‘Hanging in with Kids’ in Tough Times – Smyth, Down, and McInerney

This is another book I “read” (i.e. skimmed) as part of my research on teaching kids in poverty/who are “at-risk.” The authors are Australian, so it was interesting to see their take on American education and how Australia compares. At the same time, Australia and the US were grouped together as being “Western countries” along with Canada and the UK in that our education systems face similar difficulties. Definitely not the greatest book I read as it had less specific information about reaching this demographic and more generalities stated over and over.

Some (paraphrased) gems include: hanging in with kids

  • people don’t like to talk about class, but if we want students to understand the world and society, we’ve got to.
  • colleges don’t prepare teachers to teach students who live in poverty
  • we’re taught that hard work = success, but that is rarely the case, so when people from low socio-economic statuses don’t succeed in life, we blame them, not the system.
  • use and love parents! They love their kids and want to help but often don’t know how to be engaged in school or how to help their students with homework.
  • every 29 seconds, a kid drops out of school in America. Think about that for a sec.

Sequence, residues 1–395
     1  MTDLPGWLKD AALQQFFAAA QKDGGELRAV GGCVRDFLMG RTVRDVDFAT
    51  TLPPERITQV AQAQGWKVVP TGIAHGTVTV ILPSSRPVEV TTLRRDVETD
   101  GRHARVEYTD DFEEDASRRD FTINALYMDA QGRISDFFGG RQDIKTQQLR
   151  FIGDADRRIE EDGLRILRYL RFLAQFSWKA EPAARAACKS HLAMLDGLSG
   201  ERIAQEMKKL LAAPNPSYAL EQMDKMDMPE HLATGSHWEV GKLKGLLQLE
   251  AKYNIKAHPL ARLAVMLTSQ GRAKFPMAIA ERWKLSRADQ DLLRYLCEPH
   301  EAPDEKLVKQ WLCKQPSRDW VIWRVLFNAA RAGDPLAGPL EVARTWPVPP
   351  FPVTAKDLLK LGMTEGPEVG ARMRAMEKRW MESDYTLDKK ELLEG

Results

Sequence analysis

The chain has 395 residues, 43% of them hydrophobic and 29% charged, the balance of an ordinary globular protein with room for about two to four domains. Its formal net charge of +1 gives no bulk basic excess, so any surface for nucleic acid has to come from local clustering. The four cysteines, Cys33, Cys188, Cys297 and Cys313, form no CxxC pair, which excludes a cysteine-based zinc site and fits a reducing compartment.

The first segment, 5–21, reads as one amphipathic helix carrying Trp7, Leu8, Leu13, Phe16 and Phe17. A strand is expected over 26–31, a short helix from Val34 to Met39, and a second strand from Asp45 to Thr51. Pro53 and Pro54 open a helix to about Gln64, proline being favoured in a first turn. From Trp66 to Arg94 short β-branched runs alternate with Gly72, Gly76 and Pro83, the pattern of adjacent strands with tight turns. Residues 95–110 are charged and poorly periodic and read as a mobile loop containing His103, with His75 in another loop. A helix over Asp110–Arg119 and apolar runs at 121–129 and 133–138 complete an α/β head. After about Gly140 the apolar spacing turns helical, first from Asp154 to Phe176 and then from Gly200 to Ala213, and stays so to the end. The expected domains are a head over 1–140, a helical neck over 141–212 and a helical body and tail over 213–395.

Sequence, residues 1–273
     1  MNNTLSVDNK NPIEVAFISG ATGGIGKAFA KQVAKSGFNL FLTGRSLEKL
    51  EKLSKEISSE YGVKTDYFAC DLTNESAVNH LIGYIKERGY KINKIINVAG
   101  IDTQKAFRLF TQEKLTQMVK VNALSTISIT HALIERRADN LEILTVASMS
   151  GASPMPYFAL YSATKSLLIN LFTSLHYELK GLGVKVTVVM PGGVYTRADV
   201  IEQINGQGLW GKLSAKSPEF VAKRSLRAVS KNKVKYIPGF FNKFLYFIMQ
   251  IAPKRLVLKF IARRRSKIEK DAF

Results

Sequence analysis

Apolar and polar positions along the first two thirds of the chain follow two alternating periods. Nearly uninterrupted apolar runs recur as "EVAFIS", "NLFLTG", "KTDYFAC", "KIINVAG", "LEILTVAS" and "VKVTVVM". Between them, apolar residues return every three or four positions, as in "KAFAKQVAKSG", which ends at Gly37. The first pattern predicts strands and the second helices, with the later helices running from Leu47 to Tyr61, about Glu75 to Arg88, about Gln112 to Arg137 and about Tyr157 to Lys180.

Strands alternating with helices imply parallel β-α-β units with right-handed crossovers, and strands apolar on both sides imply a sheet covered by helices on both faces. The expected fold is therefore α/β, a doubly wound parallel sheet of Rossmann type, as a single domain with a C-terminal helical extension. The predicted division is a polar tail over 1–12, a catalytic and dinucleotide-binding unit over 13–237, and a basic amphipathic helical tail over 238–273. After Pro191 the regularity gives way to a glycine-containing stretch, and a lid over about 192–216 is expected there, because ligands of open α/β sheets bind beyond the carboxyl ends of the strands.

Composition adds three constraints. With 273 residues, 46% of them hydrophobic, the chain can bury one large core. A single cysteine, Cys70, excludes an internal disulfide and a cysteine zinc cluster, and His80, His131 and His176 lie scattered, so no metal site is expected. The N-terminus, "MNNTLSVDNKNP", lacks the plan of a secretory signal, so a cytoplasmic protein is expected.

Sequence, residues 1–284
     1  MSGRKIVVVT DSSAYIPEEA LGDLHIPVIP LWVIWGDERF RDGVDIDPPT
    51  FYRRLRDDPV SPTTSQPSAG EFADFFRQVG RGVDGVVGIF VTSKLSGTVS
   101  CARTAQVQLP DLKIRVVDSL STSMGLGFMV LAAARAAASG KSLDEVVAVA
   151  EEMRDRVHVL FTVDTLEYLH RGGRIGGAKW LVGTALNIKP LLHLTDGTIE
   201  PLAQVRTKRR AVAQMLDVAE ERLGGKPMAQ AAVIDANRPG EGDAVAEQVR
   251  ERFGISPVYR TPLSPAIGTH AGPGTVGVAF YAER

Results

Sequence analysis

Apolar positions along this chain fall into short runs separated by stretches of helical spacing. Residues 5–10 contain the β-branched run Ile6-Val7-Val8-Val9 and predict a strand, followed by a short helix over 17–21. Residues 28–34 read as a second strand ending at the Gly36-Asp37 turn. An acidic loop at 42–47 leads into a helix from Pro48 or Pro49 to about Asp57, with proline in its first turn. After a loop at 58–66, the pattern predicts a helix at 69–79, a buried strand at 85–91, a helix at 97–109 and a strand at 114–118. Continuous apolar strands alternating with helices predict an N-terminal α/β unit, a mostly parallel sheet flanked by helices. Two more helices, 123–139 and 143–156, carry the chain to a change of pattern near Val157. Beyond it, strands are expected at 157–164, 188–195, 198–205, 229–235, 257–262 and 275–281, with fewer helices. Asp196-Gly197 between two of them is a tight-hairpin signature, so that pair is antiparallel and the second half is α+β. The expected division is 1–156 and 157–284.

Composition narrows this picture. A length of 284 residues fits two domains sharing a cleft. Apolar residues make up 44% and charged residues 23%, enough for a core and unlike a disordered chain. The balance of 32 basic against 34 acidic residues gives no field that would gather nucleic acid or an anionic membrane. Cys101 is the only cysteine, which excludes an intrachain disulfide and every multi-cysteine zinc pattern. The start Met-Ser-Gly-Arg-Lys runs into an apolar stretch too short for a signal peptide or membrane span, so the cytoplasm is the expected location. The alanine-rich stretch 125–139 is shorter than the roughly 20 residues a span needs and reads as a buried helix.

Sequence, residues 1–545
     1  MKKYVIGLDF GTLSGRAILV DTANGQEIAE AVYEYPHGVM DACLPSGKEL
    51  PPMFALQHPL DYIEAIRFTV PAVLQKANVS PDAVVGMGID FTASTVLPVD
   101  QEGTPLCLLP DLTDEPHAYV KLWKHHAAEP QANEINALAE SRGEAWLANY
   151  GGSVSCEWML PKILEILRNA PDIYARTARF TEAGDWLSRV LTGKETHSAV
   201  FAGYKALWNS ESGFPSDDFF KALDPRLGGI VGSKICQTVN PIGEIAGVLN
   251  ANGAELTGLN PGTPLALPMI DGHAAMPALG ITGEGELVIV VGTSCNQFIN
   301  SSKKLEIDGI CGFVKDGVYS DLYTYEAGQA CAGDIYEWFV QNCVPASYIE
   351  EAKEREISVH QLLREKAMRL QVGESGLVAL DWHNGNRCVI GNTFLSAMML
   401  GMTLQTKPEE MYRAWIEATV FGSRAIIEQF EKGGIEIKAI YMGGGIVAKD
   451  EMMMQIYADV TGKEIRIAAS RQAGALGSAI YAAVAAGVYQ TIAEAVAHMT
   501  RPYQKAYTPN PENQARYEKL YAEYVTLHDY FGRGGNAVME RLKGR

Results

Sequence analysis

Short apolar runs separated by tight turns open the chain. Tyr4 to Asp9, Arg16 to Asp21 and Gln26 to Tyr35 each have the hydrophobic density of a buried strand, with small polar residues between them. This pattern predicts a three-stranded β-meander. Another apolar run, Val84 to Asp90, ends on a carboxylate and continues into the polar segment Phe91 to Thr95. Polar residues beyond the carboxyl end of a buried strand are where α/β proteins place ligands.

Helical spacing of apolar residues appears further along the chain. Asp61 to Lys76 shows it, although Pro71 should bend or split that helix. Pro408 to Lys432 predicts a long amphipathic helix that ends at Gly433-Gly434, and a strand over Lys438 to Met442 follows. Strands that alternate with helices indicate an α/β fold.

• teach students relevant information and useful skills (which is true for all students, not just ones “at-risk”).
  • bridge the gap between schools and community by doing service projects and generally getting students out in the real world doing work that matters (there were some examples in the book, but all you excited readers will have to wait until I write my paper…or just read this book…the citation is below).
  • teach what students know and are influenced by, including media and music.
  • teach students not to accept the faults of society but to change them.
  • assess students in meaningful ways through demonstration of skills, experiments, exhibitions, etc.

Smyth, J., Down, B., & McInerney, P. (2010). ‘Hanging in with kids’ in tough times: Engagement in contexts of educational disadvantage in the relational school. New York, NY: Peter Lang.


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